medical clearance of the acutely disturbed patient prior to transfer to a mental health facility


  • the ED has an important role in ensuring patients are appropriately and safely admitted into mental health units.
  • routine diagnostic screening and application of medical technology for the mental health patient in ED who meets the low medical risk criteria is of very low yield and therefore not recommended.1)
  • it is a waste of resources and illogical to routinely investigate potential admissions for the multitude of causes of delirium if indeed the patient does not clinically have a delirium.
  • patients being considered for admission to a mental health facility from the ED generally need “medical clearance” with regard to:
    • have any injuries been definitively managed?
    • have any drug overdoses been assessed and deemed safe for ongoing care in an essentially non-clinical environment?
    • is the cognitive disorder an acute confusional state (delirium) rather than a psychiatric state in which case admission to a medical ward would be more appropriate?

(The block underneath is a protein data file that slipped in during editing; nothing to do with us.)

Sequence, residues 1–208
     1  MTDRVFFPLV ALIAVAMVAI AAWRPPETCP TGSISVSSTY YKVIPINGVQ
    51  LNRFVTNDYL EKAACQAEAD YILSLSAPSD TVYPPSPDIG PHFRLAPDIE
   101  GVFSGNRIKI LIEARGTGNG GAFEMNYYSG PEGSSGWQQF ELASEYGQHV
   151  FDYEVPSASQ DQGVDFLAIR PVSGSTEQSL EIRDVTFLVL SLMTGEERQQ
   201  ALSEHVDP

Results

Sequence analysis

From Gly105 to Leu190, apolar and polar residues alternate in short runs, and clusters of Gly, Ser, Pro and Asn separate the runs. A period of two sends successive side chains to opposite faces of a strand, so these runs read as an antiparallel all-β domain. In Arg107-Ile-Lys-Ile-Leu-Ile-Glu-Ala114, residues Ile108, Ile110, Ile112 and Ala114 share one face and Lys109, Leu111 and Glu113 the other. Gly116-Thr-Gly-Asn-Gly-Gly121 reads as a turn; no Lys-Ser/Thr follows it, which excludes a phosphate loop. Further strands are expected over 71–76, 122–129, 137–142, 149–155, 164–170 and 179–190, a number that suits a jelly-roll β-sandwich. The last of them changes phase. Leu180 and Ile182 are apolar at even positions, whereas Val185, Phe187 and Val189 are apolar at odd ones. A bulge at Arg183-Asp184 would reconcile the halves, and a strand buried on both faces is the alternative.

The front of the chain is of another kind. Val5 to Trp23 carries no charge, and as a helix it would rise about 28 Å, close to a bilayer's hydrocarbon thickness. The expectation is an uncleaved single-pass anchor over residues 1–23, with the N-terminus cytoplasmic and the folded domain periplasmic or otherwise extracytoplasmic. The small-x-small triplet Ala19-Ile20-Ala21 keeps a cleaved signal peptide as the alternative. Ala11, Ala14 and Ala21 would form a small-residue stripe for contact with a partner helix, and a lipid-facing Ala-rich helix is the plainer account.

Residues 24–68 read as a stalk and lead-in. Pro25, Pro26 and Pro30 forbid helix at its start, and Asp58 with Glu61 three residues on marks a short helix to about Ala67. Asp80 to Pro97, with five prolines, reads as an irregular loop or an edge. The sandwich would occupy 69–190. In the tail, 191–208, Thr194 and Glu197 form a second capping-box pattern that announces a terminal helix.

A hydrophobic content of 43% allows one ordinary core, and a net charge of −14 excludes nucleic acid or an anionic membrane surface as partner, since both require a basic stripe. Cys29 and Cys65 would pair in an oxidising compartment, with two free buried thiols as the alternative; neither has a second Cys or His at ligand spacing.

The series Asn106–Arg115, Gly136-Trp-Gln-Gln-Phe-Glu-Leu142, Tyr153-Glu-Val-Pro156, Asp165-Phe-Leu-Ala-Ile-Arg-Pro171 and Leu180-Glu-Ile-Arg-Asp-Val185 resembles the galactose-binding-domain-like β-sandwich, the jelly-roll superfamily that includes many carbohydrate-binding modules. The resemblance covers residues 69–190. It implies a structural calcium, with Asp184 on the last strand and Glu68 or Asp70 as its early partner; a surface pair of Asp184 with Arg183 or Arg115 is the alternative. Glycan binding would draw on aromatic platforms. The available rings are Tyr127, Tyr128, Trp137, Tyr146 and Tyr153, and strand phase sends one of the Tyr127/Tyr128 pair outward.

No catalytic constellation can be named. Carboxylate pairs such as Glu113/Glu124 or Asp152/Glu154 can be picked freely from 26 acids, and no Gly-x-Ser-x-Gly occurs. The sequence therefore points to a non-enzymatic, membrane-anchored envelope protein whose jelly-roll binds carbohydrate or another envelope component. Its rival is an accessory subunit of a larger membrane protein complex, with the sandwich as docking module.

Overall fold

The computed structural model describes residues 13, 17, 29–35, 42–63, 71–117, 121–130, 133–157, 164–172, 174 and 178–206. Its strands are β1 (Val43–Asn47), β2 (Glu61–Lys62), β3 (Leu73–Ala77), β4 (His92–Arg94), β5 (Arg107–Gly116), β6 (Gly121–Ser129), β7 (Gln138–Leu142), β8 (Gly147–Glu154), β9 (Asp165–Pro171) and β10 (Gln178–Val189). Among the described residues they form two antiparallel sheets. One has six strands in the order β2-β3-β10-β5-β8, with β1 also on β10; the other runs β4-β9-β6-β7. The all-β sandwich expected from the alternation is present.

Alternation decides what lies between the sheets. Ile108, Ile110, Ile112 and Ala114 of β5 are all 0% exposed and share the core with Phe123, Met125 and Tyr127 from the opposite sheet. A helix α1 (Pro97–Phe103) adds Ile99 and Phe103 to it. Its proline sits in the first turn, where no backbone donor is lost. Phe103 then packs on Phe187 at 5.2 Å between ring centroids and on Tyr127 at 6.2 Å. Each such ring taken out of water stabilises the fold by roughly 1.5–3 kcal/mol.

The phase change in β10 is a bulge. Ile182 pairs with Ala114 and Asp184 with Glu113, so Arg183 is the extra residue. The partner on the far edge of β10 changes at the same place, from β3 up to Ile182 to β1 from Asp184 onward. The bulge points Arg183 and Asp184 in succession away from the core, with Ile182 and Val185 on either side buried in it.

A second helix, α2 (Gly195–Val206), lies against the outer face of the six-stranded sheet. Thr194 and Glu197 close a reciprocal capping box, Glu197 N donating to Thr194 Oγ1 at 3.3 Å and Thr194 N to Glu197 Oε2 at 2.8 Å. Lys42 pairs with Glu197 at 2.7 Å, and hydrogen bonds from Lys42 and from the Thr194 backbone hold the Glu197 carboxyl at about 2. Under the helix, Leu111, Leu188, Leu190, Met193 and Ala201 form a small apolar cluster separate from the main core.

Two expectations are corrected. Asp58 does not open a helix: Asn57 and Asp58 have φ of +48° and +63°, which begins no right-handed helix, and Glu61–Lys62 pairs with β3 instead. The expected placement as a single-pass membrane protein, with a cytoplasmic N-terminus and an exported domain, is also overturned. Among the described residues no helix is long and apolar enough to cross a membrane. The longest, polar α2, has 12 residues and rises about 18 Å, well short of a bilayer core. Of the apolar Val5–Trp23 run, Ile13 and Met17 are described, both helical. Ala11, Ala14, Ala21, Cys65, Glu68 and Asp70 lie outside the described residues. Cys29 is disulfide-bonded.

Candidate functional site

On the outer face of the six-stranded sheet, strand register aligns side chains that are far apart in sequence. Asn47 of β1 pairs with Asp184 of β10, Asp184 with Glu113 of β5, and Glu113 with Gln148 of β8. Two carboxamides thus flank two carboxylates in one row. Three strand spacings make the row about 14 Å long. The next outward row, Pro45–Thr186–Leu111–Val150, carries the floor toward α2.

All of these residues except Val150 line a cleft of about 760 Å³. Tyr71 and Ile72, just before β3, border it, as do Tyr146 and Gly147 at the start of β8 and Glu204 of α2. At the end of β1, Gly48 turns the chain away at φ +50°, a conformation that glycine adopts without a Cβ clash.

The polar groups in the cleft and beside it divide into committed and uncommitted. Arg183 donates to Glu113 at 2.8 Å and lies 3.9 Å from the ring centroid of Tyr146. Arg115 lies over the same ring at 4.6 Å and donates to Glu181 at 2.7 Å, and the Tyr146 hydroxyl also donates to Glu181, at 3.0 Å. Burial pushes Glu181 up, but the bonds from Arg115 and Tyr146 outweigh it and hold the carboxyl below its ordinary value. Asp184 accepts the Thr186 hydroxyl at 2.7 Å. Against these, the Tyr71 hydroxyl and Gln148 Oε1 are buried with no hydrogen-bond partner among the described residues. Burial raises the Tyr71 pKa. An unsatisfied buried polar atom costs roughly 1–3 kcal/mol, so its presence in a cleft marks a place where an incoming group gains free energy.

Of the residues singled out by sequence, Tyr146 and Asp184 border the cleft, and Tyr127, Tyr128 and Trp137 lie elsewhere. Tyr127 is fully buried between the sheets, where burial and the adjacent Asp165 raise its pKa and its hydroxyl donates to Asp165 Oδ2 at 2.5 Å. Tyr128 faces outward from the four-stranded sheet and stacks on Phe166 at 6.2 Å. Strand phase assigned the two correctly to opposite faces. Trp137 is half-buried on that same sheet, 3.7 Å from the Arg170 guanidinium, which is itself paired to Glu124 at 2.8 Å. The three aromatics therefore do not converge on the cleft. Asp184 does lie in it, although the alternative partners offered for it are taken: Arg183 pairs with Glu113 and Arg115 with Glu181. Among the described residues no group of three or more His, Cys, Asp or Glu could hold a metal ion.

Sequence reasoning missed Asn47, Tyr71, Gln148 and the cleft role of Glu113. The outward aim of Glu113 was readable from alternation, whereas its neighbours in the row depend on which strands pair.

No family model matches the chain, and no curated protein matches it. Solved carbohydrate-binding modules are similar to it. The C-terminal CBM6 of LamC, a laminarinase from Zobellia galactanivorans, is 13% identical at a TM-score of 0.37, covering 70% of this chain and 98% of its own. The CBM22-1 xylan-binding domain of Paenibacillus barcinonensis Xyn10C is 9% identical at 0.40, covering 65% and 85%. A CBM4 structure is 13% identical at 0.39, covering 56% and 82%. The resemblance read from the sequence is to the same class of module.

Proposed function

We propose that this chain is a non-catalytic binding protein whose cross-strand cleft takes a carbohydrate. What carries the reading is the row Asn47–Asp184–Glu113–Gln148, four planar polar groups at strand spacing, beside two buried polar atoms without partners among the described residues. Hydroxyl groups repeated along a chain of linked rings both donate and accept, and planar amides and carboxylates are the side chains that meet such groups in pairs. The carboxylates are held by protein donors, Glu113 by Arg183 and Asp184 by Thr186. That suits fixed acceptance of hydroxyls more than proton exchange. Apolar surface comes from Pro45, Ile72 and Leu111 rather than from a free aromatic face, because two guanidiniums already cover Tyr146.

• it is important to distinguish between an organic medical condition which is best managed in a medical ward (perhaps with a psych special) from a functional psychiatric condition which can be managed in a mental health facility with limited medical supervision.
      • the cardinal feature of delirium is an acute onset with fluctuating course characterised by inattention and this can be tested by asking the patient to name months of year in reverse order or serial subtraction tasks. See also CAM confusion assessment test for diagnosis of delirium.
      • if the confusional state is clearly drug related, the ED staff may still feel this can be safely managed in a mental health facility assuming that there is a psychiatric condition that makes this appropriate.
      • elderly patients with delirium are usually admitted to an aged care unit for a delirium workup which usually includes:
        • CT brain
        • FBE, U&E, glucose, Ca, P, TSH
        • septic workup even if not febrile - urinalysis, CXR
    • is the patient pregnant?
    • has the patient's medical conditions and medications been documented and adequately managed?

why can it sometimes be so hard?